Many of you are in the throes of Nano! Are you feeling the heat? Have you been feeling it since Day 1? Are you over the 10K mark and thinking, "This is the worst piece of poo I've ever written."
Ready to throw in the towel?
Please don't! Keep writing. You can do this thing. I know it.
I know what it's like to feel the stir of excitement as a story takes shape. The characters burn in your heart and their witty dialogue fills your mind at neck-breaking speed. You barely have time to catch your breath let alone jot it all down. You forget to take your kid to school and realize it when you pull into the parking lot at work (maybe that's just me).
The blank page awaits. There'll be no "dark and stormy night" here.
One month. I can do this. I got this.
(Check out the Charlie Brown clip, we're about to learn something.)
You're on top of the world, but the voices come fast and hard overlapping the other.
You're ruining it!
I told you to get rid of those adverbs.
Does this scene drive the plot forward?
Did you offer up any new information?
Show don't tell!
Tighten that sentence!
Do you want to end up a hack?
You'll never write like _____________ (fill in the blank).
You slow down to fix everything every writer has ever offered up as solid advice. Instead of pushing ahead, you're slashing scenes and begging your neighbors to bring you chocolate and coffee.
The biggest hindrance to finishing a fast first draft (or any draft) is insecurity.
I've been known to let all those voices into my head. And then I begin to doubt. Maybe I'm not a writer after all. No, I'll never be like (insert favorite author here). This story is drivel. Maybe I should go back and fix it here...and here...how many times can they sigh? Smile? Frown? Raise an eyebrow? I have no plot. I have no real goal. No conflict. I can't keep shooting them. Eventually I'll have to hit them and not miss. No one can be that bad of a shot.
Take heart, my friends. Every single writer has flaws. We're people. We all make mistakes. Even Stephen King. Even your favorite author.
This is when we pull a Linus.
AAAAAAAAAHHHHHHHH! Point the finger (preferably index, but it's your hand) Lay those voices out! Show them who is on top of the house!
Yeah, you aren't following all the rules. You're overusing words and phrases. Adverbs come like pelts of water on a hot pavement. Maybe you didn't drive the plot forward in that last scene or share new information.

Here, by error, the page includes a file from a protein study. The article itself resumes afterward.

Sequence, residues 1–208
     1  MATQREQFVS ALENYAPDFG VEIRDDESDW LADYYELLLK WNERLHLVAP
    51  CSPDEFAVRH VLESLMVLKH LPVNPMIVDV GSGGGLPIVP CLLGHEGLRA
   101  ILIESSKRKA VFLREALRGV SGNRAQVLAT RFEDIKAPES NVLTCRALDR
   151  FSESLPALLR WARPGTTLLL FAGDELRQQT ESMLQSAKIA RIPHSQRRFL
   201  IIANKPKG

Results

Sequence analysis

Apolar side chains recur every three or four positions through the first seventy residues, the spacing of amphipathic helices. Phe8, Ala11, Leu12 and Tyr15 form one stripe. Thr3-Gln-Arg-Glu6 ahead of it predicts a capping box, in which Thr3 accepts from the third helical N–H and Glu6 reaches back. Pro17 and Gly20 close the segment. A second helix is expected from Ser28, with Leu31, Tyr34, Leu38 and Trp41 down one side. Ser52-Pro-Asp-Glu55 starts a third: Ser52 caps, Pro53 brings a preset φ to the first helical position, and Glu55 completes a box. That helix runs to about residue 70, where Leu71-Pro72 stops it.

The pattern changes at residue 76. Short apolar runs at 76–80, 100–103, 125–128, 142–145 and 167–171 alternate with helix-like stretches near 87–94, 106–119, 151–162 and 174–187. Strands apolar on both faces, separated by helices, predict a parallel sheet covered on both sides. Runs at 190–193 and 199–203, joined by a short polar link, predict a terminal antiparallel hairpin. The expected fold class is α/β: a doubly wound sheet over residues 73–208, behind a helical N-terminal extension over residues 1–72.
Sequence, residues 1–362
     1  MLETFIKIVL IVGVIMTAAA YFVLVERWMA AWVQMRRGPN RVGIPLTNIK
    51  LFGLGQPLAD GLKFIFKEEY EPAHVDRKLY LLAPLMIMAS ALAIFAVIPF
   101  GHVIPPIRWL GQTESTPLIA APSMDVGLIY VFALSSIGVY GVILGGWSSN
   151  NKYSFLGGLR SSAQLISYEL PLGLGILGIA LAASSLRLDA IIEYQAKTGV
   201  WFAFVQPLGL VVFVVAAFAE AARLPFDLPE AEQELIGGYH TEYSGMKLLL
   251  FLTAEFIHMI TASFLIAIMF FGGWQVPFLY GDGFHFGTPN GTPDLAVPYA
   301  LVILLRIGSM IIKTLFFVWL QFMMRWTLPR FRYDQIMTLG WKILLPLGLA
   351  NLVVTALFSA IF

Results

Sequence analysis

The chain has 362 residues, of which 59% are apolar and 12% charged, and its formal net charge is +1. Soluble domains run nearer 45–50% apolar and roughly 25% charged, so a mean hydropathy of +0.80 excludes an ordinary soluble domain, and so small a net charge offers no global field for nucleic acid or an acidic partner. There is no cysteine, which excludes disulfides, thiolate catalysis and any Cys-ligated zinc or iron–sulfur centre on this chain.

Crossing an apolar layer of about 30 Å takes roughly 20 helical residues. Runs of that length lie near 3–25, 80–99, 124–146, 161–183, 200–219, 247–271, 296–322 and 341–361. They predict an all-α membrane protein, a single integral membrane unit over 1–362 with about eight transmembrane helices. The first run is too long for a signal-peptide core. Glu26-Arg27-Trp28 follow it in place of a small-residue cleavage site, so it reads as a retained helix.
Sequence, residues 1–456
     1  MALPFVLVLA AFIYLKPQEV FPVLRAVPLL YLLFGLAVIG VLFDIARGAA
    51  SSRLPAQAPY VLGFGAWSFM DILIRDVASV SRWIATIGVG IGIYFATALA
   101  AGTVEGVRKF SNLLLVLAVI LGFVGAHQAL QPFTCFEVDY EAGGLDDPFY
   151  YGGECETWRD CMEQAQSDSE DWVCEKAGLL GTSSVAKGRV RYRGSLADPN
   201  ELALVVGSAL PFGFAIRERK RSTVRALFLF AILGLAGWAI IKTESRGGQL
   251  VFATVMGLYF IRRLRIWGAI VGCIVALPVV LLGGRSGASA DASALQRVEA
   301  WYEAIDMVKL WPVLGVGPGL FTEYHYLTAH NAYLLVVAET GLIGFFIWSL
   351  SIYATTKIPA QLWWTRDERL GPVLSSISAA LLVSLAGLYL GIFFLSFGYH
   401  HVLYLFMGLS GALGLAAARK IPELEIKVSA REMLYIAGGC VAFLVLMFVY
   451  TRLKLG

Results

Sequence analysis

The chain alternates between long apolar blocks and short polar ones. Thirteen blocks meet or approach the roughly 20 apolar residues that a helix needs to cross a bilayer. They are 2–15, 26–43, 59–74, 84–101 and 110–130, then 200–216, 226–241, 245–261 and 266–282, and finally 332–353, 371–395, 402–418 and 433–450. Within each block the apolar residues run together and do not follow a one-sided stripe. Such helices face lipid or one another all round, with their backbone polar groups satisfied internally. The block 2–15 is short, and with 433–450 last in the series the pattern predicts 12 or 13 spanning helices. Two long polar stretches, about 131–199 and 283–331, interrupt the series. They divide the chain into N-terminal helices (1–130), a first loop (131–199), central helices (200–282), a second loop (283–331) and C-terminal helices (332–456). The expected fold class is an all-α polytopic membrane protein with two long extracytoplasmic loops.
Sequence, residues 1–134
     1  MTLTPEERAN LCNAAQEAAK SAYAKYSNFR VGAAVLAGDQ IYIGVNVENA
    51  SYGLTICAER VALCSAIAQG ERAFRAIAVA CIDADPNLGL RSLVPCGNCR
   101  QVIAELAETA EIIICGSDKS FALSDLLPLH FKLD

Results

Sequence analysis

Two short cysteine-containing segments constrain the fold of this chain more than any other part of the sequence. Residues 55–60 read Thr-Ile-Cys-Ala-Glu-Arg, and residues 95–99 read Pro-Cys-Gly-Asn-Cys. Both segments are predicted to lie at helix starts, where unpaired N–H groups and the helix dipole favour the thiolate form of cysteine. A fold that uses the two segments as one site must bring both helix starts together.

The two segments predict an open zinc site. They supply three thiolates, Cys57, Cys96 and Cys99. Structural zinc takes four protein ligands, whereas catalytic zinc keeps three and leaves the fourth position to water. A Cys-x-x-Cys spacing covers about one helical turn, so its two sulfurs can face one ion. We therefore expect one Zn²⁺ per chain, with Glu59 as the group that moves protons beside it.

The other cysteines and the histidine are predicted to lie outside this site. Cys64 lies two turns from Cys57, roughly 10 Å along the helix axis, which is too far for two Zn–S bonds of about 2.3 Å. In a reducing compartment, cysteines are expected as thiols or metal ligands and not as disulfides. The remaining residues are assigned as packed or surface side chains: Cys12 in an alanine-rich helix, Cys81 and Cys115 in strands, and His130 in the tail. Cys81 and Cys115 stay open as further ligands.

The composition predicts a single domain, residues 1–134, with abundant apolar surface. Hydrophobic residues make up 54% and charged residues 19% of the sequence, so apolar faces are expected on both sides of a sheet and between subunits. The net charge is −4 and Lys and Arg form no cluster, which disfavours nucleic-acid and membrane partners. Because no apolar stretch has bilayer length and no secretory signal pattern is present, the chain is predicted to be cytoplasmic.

This is still a fabulous story. And you can come back through in revisions and fix it. Who knows, maybe in the scene that didn't drive the plot forward, a new emotional layer formed. Maybe in the scene that didn't offer any new information it did offer a few zingers that you can place somewhere else later.
And hey, these days deleted scenes aren't time wasted. They're called bonus material, outtakes, and a way to drive traffic and readers to your website. Maybe you can laugh at yourself and call those scenes your blooper reel. Readers won't berate you, they'll love you for being real. They'll get a kick out of your process.
Because it is a process. Take a deep breath. Let it go (and now I'm singing the song from Frozen. Fabulous). Don't give up. Don't let the internal editor and voices of doubt hinder you from writing the story of your heart.
Notice when Linus asks, "Are any of you secure?" the only one who is, is the one barreling through and kicking up dust.
PigPen isn't scared of getting messy. And he sure doesn't care what others think of him.
I leave you with one more nugget. Linus found his security in a blanket. For us Christian writers, our security is Jesus Christ. Let Him wrap you up and hold you close as you plow through the hard ground of a first fast draft. Dream. Revel in the newness....and kick up some dust!
You can always fix it in January when you allow the internal editor to come out and play, or crack the whip! Now go get your NaNo second wind on and write! Celebrate. You. Are. A. Writer.
Jessica R. Patch writes inspirational contemporary romance and romantic suspense. A passion to draw women into intimacy with God keeps her motivated, along with ice-cold Perrier and adventurous trips in the name of research. When she’s not hunched over her laptop or teaching the new & growing believer's class at her church, you can find her sneaking off to movies with her husband, embarrassing her daughter in unique ways, dominating her son at board games, and collecting recipes to wonderful dishes she'll probably never cook. She is represented by Rachel Kent of Books & Such Literary Management.
Subscribe to Jessica's newsletter/email list and receive her FREE Christmas novella, Hope Under Mistletoe. Here's a peek:
A rowdy bar owner. A widowed pastor’s wife. And Christmas Hope that brings them together.
After widower Eden Snow’s church almost burns to the ground, she’s compelled to find a temporary place to hold services and Christmas cantata practices.
Has-been hockey player, Knox Everhart, has a reputation for being fast on the ice and with women. Except Eden. She’s always been a fascinating mystery to him, which is why he agrees to let her use the back room of his bar—with one rule: No converting his customers.
But when Eden brings the church to the bar, it offers something the bottle can’t. Hope. And he finds himself falling in love with a woman and a Savior he feels unworthy to pursue.
Also check out her Hope Under Mistletoe Pinterest board and meet the "cast" as well as stroll through the fictional town!
Your turn: Instead of focusing on insecurities, what's one of your writing strengths? Don't be shy! Leave a comment and then enter below to win a $20 Amazon gift card!